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Will It Run Pt 3
by Bradley Kaplan

if you have not read Part 1 or Part 2 of this article about repairing a Lione standard gauge thin rimmed #5, it is suggest you do so before reading those articles before reading this one.

 

The plan was to re-assemble this engine and have it fully running for this month's installment and end this as a 3 part article.

As with many train projects, due to time constraints this did not happen. Hopefully next month this project will end!

The paint stripper did an excellent job of cleaning the paint off of 90% of this piece. The paint appeared fully removed from the cast iron wheels, but the wheels still had a blackened look to them. I purchased a wirewheel attachment for my electric drill and it did wonders for cleaning the final remains of paint off the cast Iron wheels. When you are using a wirewheel, you want to find a wirewheel with softer metal then you are working with. You also want to be very carefull as not to damage your piece. These wheels are over 90 years old. The thin rimmed wheels on this piece demand a massive premium over the thick rimmed wheels that Lionel introduced on the #5 engine in 1912.

The rims of the wheels also had a minimal layer of surface rust. The wire wheel cleaned this off perfectly.

This engine requires 440 Screws to mount the motor onto the frame and to attach the side rods onto the engine. The 440 screws that Lionel used for this piece have heads that are countersunk and use a flat head screwdriver. Different parts require the 440 screws at different lengeths. The preson who rebuilt this engine did not use the proper screws.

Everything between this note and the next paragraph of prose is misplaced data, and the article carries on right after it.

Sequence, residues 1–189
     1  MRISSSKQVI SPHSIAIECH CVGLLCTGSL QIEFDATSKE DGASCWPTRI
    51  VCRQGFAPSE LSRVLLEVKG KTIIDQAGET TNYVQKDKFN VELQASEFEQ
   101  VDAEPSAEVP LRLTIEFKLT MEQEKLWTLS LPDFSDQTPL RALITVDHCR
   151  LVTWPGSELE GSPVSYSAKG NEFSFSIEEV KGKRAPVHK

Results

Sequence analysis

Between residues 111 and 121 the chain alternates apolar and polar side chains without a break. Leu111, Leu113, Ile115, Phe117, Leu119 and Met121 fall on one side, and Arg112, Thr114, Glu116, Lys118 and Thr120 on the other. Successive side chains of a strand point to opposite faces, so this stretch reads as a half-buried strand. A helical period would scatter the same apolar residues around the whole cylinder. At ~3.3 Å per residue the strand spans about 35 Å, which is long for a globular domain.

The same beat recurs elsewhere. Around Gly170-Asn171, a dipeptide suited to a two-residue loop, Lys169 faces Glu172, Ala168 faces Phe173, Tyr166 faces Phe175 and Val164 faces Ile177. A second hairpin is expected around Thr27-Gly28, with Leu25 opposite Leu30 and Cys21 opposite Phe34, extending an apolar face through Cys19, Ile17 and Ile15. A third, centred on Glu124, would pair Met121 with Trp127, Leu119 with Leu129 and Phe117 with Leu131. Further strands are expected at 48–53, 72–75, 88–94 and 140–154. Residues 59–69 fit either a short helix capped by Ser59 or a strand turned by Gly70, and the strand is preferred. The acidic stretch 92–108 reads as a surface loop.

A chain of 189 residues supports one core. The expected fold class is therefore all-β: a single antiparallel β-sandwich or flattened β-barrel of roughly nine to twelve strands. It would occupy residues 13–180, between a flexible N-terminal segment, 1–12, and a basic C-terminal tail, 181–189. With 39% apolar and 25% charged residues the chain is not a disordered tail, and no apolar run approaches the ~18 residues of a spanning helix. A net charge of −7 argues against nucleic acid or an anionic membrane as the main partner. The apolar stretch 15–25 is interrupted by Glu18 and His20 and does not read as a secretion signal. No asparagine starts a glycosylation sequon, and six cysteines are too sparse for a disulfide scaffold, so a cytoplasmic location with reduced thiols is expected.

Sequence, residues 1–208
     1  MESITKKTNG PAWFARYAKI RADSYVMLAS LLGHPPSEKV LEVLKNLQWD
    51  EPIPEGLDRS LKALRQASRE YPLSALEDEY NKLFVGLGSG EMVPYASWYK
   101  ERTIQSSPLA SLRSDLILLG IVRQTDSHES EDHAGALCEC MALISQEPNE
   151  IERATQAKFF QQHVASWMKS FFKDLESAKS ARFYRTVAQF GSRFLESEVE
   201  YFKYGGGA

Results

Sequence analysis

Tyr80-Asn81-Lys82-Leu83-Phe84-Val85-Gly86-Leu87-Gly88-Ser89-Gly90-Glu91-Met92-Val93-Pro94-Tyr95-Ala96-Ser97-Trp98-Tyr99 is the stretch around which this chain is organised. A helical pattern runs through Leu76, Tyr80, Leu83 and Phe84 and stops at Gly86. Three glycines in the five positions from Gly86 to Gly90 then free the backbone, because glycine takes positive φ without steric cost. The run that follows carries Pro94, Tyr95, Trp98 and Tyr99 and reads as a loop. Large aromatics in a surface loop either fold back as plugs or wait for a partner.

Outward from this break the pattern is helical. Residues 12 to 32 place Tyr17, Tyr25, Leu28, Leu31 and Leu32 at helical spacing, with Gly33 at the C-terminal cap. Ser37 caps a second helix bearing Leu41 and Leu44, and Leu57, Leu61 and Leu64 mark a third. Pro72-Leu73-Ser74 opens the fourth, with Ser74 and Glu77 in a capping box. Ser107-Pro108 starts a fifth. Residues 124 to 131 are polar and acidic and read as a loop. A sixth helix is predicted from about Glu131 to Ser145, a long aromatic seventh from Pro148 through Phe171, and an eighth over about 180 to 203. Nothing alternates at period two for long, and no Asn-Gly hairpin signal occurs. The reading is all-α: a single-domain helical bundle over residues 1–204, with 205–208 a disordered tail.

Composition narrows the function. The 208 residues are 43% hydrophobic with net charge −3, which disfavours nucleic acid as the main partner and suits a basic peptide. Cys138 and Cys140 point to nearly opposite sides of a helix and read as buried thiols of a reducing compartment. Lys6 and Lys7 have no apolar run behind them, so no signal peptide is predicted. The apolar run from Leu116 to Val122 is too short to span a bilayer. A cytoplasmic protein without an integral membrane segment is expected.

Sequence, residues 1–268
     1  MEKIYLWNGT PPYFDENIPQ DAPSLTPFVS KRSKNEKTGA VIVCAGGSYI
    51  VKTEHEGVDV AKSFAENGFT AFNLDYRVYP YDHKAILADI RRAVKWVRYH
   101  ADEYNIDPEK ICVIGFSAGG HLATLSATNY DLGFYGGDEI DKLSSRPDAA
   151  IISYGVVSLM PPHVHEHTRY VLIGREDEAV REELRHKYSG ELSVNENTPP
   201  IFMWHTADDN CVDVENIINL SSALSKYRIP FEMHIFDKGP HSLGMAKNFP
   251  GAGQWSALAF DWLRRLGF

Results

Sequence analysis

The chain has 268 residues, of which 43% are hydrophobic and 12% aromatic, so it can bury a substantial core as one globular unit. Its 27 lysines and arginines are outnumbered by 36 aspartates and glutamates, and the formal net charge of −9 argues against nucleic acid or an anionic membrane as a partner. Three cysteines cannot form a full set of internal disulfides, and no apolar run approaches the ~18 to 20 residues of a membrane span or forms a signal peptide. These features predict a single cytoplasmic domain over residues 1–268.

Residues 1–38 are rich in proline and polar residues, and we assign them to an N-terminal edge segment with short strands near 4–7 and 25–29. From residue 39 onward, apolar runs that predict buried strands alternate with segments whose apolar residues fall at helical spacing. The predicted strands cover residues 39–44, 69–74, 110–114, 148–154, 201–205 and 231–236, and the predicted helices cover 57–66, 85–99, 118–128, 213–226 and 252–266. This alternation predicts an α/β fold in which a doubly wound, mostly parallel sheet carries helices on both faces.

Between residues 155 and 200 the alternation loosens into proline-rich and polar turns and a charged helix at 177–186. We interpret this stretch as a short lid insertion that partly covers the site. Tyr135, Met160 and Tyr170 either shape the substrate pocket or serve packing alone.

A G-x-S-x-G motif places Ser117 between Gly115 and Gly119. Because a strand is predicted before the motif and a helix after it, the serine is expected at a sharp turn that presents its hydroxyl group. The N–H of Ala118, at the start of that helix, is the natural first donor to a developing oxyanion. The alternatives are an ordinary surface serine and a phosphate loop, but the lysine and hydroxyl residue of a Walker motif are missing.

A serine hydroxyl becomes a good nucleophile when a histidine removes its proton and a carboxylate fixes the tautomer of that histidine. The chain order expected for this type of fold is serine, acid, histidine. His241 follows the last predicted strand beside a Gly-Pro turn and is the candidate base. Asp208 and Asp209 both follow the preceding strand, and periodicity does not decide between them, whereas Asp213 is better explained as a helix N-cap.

I found that I could only find 440 flat head screws in 3/4 inch and 1 inch lengths. So I bought the longer screws and used my Dremel to chop them down to proper size. To be prototypicall correct, you should try and use the proper screws. For instance Philips head screws patent was filled in 1934 so obviously any piece made before 1934 should not have Philips head screws. To prepare for re-assembly of the piece I laid all the pieces out that will go into the engine. All the parts are as clean as they are going to get.

I then dropped the motor into the frame and it fit perfectly. The next issue will have the final re-assembly of the engine!

click here to read the part 4, the last installment in this series

 

 

 
 
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